Apoptosis is induced by the activation of a family of cysteine proteases generically known as caspases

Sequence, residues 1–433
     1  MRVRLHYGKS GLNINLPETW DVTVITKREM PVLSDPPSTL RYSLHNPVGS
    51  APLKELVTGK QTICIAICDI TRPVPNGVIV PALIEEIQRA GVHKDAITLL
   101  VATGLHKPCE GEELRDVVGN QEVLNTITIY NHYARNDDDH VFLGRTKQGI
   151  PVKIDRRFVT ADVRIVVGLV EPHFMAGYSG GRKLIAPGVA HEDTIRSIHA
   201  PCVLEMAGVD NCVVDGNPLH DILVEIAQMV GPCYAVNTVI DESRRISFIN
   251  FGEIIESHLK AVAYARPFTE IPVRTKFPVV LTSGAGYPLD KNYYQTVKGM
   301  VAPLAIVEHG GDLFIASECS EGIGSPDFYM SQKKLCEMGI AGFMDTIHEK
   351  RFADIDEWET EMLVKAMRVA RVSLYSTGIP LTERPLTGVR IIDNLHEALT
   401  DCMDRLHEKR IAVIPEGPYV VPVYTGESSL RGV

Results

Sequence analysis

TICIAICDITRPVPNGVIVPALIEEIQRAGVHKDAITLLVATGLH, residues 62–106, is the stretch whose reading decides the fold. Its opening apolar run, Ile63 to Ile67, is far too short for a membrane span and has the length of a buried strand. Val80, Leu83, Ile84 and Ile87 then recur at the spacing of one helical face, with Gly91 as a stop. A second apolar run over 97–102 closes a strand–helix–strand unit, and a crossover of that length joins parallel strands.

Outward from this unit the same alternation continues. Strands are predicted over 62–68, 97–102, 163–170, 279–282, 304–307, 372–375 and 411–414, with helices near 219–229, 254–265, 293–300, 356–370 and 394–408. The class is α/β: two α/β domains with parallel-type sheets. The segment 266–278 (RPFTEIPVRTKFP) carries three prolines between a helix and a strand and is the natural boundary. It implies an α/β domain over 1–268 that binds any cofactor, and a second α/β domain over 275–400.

PFU/cell of each virus, and maintained either in the presence or absence of IPTG. At 24 h.p.i. infected cell cultures were used to assess the induction of PCD, the status of protein synthesis and the presence of VP2, VP3, and total and P-PKR. As shown in Fig. 5A, whilst the expression of the wild type VP3 polypeptide efficiently prevents the activation of caspases 3 and 7 triggered by VP2 expression, the mutant VP3MutPatch1 protein is not able of preventing this effect. In line with this finding, IPTG-induced cells JNJ-26481585 biological activity coinfected with VT7/VP2+VT7/VP3P1 showed a blockade of protein synthesis akin to that observed in cells coinfected with VT7/VP2+VT7. The results of the WB analysis confirmed the correct expression of the VP3MutPatch1 polypeptide, and showed that the synthesis of this mutant polypeptide does not prevent the accumulation of P-PKR in cells expressing VP2. As observed in Fig. 5B and C, the VP3MutPatch1 mutant polypeptide exhibits a slightly slower SDS-PAGE migration than its wild type counterpart. These results show that the described anti-apoptotic activity of VP3 is dependent upon the presence of a functional Patch1 dsRNA-binding domain. The IBDV VP3 polypeptide rescues the ability of the VACV WRDE3L deletion mutant to replicate in HeLa cells It has been shown that the deletion mutant WRDE3L derived from the VACV WR strain, lacking the E3L gene encoding the E3 polypeptide, is unable to replicate in IFN-competent cell lines including HeLa cells. Interestingly, the insertion of some recombinant genes encoding dsRNA binding proteins from different viruses, e.g. influenza NS1, avian reovirus sigmaA, and porcine rotavirus NSP3, into the genome of WRDE3L leads to the generation of recombinant VACV viruses capable of overcoming the host cell restriction imposed by the lack of the E3L gene. Results described above evoked the possibility that the IBDV VP3 polypeptide might functionally replace E3. To test this hypothesis, the 26617966 VP3 ORF was cloned into the pJR101 VACV insertion/expression plasmid vector under the control of a synthetic early/late VACV promoter. The resulting plasmid, pJR101/VP3, was used generate the recombinant VACV WRDE3L/VP3 by transfection of WRDE3L-infected DF1 cells. The DF1 cells are immortalized chicken embryo fibroblasts permissive for WRDE3L replication. As described in the materials and methods section, the WRDE3L/VP3 recombinant virus expressing the VP3 polypeptide was generated, selected, grown and titrated in DF-1 cells. In order to characterize the ability of the VP3 polypeptide to overcome the blockade of protein synthesis resulting from the absence of the E3L gene in a non-permissive cell line, HeLa cell cultures were infected with WRDE3L/VP3. As controls for this experiment HeLa cells were also infected with either wild type WR, containing the E3L gene, or with the deletion mutant WRDE3L. At 8 and 24 h.p.i., cells were either subjected to metabolic labeling with methionine to analyze the protein synthesis rate, or collected for WB analysis. 19286921 IBDV VP3 Inhibits PKR-Mediated Apoptosis synthesis profile obtained from cells infected with VT7/VP2 and coinfected with VT7, VT7/VP3, or VT7/VP3-P1. Cultures were maintained in the presence of IPTG. At 24 h.p.i. cells were metabolically labeled with methionine. Cell extracts were subjected to SDS-PAGE and autoradiography. The position of molecular mass markers is indicated. Arrows indicate the position of bands corresponding to the VP2 polypeptide and VP3. C. PKR and

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